Free Play Richardson, the retro arcade with more than 75 vintage games and a robust food and drink menu, is a not-so-serious place. But there is one thing they're serious about: their retro soda program.
"We have three categories of sodas at the arcade: glass-bottled Coke products, specialty sodas from craft soda companies and retro sodas," says Corey Hyden, president of Free Play Inc. "The hardest category to keep stocked is retro sodas. Retro is hot right now, so the manufacturers are always bringing iconic sodas back but only for a limited time in limited quantities — which creates a logistical nightmare given our volume requirements, so we've created a small network of grocery store contacts that give us the scoop on coming sodas and how we might be able to source enough product."
Their latest big get: Crystal Pepsi, the flash-in-the-pan soda sold only from 1992 to 1993. There was a bizarre marketing trend around that time in which companies tried to market clear versions of their products to consumers who somehow thought this made them more "pure" or healthy. While Crystal Pepsi sold like hotcakes at first, demand fell fast and it was quickly discontinued. A few years ago, the internet horde called for a re-release of the soft drink Surge, and suddenly failed '90s sodas once again became all the rage. Pepsi responded with limited releases of Crystal Pepsi, complete with vintage-style labels. But even though it was a failure in the '90s, it proved hard to nab present-day.
"For Crystal Pepsi, there was a press release about it shipping during the summer and then nobody could find the product anywhere," Hyden says. "Obviously this was the perfect product for our retro soda category, and we wanted it bad. When we spoke to someone at Pepsi, they said we might be able to get 24 to 48 bottles allocated to the arcade. We knew we needed 1,000-plus bottles, so it seemed unlikely that we would be able to stock it."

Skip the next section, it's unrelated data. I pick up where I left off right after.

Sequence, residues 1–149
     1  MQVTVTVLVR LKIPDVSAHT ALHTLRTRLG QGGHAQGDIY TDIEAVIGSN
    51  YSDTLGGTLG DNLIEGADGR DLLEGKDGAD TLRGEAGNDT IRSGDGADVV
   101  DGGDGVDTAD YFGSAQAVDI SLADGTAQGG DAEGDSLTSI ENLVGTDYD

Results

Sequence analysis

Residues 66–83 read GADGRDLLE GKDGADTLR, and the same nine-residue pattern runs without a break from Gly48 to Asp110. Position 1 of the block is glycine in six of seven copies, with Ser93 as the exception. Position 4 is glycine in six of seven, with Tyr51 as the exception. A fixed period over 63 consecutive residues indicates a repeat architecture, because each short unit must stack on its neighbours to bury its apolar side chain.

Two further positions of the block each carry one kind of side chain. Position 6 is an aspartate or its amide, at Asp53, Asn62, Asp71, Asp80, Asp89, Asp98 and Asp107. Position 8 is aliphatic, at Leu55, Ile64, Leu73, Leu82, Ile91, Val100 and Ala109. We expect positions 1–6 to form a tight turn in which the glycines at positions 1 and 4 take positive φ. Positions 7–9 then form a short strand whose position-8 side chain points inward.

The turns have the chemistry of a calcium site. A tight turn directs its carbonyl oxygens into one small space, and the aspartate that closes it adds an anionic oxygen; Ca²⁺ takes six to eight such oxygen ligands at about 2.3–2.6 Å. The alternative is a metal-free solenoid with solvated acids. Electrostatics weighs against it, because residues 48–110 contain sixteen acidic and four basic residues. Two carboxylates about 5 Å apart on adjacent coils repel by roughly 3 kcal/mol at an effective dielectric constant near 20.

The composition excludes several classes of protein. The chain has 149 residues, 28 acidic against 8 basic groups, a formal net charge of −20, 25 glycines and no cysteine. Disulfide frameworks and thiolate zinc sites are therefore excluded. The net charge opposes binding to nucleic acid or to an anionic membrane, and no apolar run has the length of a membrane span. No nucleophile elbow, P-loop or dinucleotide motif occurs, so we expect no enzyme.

After one of their grocery contacts tipped them off to a massive shipment that the store had never intended to stock, Free Play nabbed a pallet of the good stuff. Customers reacted with the kind of enthusiasm not seen since Ty Inc. released the Princess Di Beanie Baby.
"Our first Facebook post had 1,200-plus likes and massive reach," Hyden says. "It was a hit right out of the gate and we're nearly sold out of our 1,400-plus bottle supply. We had a number of people buy six or 10 of them from us to take home, and even more people make a special trip to the arcade just to relive that clear soda magic."
Free Play makes a few cocktails with throwback sodas, like Bentley Bear's Crystal Elixir — made with Crystal Pepsi, Titos, lime and a splash of ginger beer — and in the past they sold a "spiked" Ecto Cooler. They're working on a new cocktail menu featuring drinks made with some of their curious sodas, but as with so many of these retro releases, they're not available forever. Free Play's stock of Crystal Pepsi is almost gone, and when it runs out, it's game over.
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"We've been able to purchase a few reasonable lots of the product since that first purchase, but bulk buys are still rare," Hyden says. "Pepsi put some pretty aggressive expiration dates on the product and, given the logistical issues, some of our bottles had only a month shelf life based on the expiration date. We were fortunate to have such an awesome demand, but that really prevents you from stocking up on a product, which was likely Pepsi's intention with the aggressive dates."
The nostalgia doesn't stop at Crystal Pepsi — Free Play also sells Jolt, Ecto Cooler and Surge, along with Sprecher Cream Soda and Grapette, and Hyden says they're always on the hunt for the next weird or throwback soda. Even now that he's become the suit-wearing business man that kids grew up to be wary of, Free Play's retro soda program makes Hyden feel the nostalgia.
"I mean, can you believe it's 2017 and we have a local arcade where you can play Teenage Mutant Ninja Turtles and down Crystal Pepsi?"
Free Play Richardson, 1730 E. Belt Line Road